A couple fishing off Queensland's K'gari say they're lucky to have escaped unscathed after a dingo set its sights on them amid a spate of recent attacks on the popular tourist island.
Jarryd and Lauren were on the beach digging up shellfish when a dingo charged at them. "After multiple lunges at us and stalking us for a few minutes, we were lucky enough that two four-wheel drive utes came racing down and started beeping and put themselves between us and the dingo," the pair wrote on Facebook. "We thought this was a one-off random event, but we were wrong."
Dingo harrasses beachgoers
After the dingo — which had a blue tag on its ear — left the couple alone, they claim it then started charging at random beach goers, "acting like a game of cat and mouse with people walking and fishing on the beach".
"It continued to charge and harass multiple groups of people as we watched from a distance to make sure anyone else who came into contact with the dingo was safe, and we would be there in our four-wheel drive if need be," Jarryd and Lauren explained, adding that it "eventually went over the dunes and ran off".
K'gari visitors warned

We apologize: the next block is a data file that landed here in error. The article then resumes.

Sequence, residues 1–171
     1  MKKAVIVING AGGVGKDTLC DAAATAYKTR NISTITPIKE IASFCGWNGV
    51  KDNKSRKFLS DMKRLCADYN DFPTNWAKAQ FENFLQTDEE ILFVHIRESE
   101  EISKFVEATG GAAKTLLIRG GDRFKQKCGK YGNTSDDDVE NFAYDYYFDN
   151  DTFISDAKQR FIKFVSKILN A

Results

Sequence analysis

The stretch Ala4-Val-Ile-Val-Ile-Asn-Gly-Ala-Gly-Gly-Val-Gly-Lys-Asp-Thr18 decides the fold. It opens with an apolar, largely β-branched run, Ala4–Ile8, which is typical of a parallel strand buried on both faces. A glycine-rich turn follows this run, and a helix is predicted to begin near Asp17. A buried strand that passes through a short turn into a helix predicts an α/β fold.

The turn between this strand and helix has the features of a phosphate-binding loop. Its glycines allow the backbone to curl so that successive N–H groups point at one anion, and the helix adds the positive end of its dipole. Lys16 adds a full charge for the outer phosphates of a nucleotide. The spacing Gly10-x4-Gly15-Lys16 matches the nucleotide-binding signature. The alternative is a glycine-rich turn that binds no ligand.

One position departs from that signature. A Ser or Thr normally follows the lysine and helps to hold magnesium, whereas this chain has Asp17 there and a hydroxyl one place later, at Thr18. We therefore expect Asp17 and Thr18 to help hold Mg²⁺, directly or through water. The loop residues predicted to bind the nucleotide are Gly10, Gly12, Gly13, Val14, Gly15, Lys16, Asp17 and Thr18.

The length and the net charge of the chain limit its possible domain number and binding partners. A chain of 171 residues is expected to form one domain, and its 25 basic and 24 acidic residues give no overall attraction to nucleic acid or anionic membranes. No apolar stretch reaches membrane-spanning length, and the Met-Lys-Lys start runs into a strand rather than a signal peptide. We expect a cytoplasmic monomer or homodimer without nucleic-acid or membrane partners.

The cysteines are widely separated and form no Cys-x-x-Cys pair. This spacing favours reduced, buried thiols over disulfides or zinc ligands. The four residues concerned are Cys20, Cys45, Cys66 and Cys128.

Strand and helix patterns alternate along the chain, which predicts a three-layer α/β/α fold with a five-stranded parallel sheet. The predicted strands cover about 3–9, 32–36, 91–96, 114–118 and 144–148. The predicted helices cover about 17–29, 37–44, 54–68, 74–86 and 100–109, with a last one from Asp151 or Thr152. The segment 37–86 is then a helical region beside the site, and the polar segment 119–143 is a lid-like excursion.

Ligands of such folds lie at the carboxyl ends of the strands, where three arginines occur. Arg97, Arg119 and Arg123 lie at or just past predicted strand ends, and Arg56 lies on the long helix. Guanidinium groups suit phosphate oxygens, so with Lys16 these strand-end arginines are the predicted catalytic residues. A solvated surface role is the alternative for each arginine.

After visiting the island 22 times, the couple said it was their first bad experience with a dingo, also known as wongari, and now want to warn people of the danger when visiting K'gari. "We love the island but please be vigilant and stay safe," they begged. "This was a big wake up call for ourselves who became too complacent!"
Speaking to Yahoo News Australia, a spokesperson for the Department of Environment and Science urged the couple involved to report the incident to authorities as soon as possible. "Wongari interaction reports from the public are important as they provide information to rangers about potential high-risk animals," the spokesperson said.
"Rangers use the information to keep people safe by monitoring high-risk wongari and targeting specific areas to deliver 'Be Dingo-Safe!' messaging."
Dingoes changing their behaviour
Dr Edward Narayan, a senior lecturer in animal science at the University of Queensland says when it comes to dingo interactions, people "are the problem, unfortunately".
"Any interactions with humans would basically be something that's been initiated through years of tourism," Dr Narayan told Yahoo, explaining that visitors who've left food behind or those who've tried to hand feed dingoes may have caused them to approach humans.
How to stay safe from dingoes
Amid the growing number of encounters between humans and dingoes on K'gari, the Queensland Government has confirmed it will bring in more than a dozen extra rangers to enhance community safety on the island, while reminding visitors to follow simple safety measures at all times.
"Always stay close (within arm's reach) of children and young teenagers," a spokesperson for the Department of Environment and Science told Yahoo. "Always carry a stick, always walk in groups, camp in fenced areas where possible, do not run, never feed dingoes, lock up food and iceboxes, never store food or foot containers in tents, and secure all rubbish, fish and bait."
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